This week in Bidenomics: A rebound begins

Rick Newman

The Biden administration has gotten used to bad news: Worsening COVID, out-of-nowhere inflation, failed legislation. In the days ahead of the latest employment report, White House officials even pre-acknowledged the likelihood of a big labor-market setback in January, as the Omicron COVID variant peaked and businesses pulled back.

That caution may have been prudent, but it turned out to be unnecessary. Employers added a robust 467,000 jobs in January, defying all expectations of a pullback in hiring. The news was uniformly solid. Wage growth accelerated and more people started looking for work. Revisions for 2021 also showed stronger job growth than reported at the time. At some point this year, total employment is likely to finally exceed pre-pandemic levels.

The monthly jobs report normally reflects incremental changes in the economy that everybody’s already aware of. Surprises are uncommon. The January numbers are different. In a healthy economy, 200,000 new jobs per month is typical growth. Employers more than doubled that pace of job growth in January, despite obvious disruptions caused by a new surge in COVID infections, hospitalizations and deaths. For the first time in the COVID pandemic, the economy is shrugging off COVID.

“The 467,000 gain in payrolls in January is even stronger than it looks, as it came despite the spike in absenteeism driven by the Omicron virus wave,” Capital Economics explained in a Feb. 4 research note. “The gain appears to make a mockery of our fears that Omicron would weigh heavily on payrolls.”

President Biden bragged about “the greatest year of job creation under any president in history.” But economists, for once, share his ebullience. Here’s a sampling of commentary from some typically sober-minded analysts:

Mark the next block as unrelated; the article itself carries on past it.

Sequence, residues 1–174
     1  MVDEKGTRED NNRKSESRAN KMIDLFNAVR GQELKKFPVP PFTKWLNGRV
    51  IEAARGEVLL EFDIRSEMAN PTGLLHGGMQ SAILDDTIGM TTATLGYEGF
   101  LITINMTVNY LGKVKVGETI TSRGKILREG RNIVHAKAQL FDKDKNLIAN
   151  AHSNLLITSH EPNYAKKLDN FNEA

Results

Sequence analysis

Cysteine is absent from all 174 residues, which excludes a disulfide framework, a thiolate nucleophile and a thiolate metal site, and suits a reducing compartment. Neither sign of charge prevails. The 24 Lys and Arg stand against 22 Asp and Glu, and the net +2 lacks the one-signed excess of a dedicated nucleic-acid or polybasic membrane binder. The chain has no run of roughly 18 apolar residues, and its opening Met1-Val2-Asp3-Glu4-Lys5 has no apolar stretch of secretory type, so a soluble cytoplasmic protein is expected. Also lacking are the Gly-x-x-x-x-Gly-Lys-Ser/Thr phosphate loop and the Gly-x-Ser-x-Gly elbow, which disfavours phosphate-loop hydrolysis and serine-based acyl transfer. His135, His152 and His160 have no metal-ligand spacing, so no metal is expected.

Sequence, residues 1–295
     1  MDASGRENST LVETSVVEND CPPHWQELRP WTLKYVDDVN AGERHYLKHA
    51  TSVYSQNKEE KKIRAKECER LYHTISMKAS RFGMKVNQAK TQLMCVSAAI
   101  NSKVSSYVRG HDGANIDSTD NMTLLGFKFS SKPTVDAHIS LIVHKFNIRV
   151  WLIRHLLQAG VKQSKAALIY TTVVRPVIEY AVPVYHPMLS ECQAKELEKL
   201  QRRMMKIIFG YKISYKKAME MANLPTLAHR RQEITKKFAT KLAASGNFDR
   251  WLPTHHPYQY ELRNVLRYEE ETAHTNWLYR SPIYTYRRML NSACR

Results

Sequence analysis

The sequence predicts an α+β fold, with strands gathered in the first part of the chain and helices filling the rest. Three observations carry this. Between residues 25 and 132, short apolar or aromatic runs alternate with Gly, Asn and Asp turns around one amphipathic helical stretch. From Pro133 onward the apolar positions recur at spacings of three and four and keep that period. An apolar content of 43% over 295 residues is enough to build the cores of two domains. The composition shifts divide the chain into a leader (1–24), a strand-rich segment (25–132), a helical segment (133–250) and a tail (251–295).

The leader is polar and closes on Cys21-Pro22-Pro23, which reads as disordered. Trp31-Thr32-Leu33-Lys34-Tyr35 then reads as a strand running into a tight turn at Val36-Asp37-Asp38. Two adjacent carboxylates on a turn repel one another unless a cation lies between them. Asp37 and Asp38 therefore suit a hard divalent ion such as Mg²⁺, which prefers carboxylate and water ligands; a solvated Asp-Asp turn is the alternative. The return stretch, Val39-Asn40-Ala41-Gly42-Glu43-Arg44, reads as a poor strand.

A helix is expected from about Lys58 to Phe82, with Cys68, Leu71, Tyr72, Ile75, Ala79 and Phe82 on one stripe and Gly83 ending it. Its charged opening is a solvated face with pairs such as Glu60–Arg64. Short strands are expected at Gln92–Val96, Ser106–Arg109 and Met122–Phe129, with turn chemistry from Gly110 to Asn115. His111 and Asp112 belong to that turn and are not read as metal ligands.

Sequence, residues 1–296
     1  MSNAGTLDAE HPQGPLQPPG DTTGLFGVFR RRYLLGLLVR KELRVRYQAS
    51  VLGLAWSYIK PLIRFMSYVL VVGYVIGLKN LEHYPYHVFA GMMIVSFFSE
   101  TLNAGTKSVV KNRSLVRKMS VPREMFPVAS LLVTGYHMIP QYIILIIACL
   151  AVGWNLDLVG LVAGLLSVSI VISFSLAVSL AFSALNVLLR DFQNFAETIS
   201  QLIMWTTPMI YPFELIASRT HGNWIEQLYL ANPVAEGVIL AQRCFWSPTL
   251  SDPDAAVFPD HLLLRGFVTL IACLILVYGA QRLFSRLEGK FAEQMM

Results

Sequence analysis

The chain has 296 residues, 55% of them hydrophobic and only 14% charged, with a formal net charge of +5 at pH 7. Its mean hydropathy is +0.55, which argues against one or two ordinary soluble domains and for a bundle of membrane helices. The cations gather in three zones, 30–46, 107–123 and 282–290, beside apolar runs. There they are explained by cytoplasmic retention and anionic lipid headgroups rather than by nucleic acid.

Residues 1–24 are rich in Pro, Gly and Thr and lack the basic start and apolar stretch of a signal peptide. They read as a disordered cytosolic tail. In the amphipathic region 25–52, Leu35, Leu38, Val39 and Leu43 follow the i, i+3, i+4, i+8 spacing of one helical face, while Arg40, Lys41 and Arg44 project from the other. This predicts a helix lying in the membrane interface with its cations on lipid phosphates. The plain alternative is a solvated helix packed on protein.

Comerica: “Stunning jobs report.”

Bank of America: “Clean bill of health.”

FWDBonds: “The best economy in 50 years is back.”

Harvard economist Jason Furman: “January 2022 will be remembered as the month the virus ceased to the be boss. The economy no longer cares.”

Biden needs a break, needless to say. Never-ending COVID and 7% inflation have pushed his approval rating to the low 40s, the worst of his presidency. That won’t snap back because of one economic report. But the narrative on the economy is improving, and the timing actually looks pretty good for Biden.

Omicron now seems to be fading and warmer spring weather should bring further relief from the virus. Americans are itching to get out and start spending on travel, entertainment and other parts of the service economy. That could ease some of the intense demand for goods that’s driving inflation. It’s reasonable to think that by summer, things will start to feel normal again and wavering confidence will improve, which would be just in time for Democrats who now seem poised to lose control of one or both houses of Congress in the November midterm elections.

Plenty could go wrong, too

Biden also seems to be handling the tense standoff between Russia and Ukraine about as well as anybody could hope. Russian President Vladimir Putin is undoubtedly looking for a way to outfox or embarrass the United States and its NATO allies, but so far, it hasn’t worked. Biden’s decision to beef up the U.S. troop presence in eastern Europe shows U.S. resolve in response to Russian threats of a Ukraine invasion. Washington, for once, is also countering the sort of disinformation campaign that is usually a Russian advantage. Putin could still invade, but Biden’s handling of the U.S. response looks considerably more competent than the messy withdrawal of U.S. troops from Afghanistan last summer.

The biggest factor for financial markets is now the Federal Reserve’s monetary tightening. Had the economy lost jobs in January, as many economists expected, it would have indicated weakness and a possible delay in interest-rate hikes, which the Fed is likely to start in March. With the job market hot, however, the Fed remains likely to hike several times this year. That may not be great for stocks, since higher borrowing costs tend to lower corporate profits. But the economy seems ready for interest-rate normalization after nearly two years of extraordinary monetary stimulus.

There’s always plenty that could go wrong, as Biden learned in his first year in office, when the U.S.-backed Afghan government collapsed overnight and inflation began devouring family budgets. Another COVID variant could upend everything. Inflation could get worse instead of better. Russia could wreak more havoc than NATO can manage. But sometimes the surprises are welcome instead of ugly.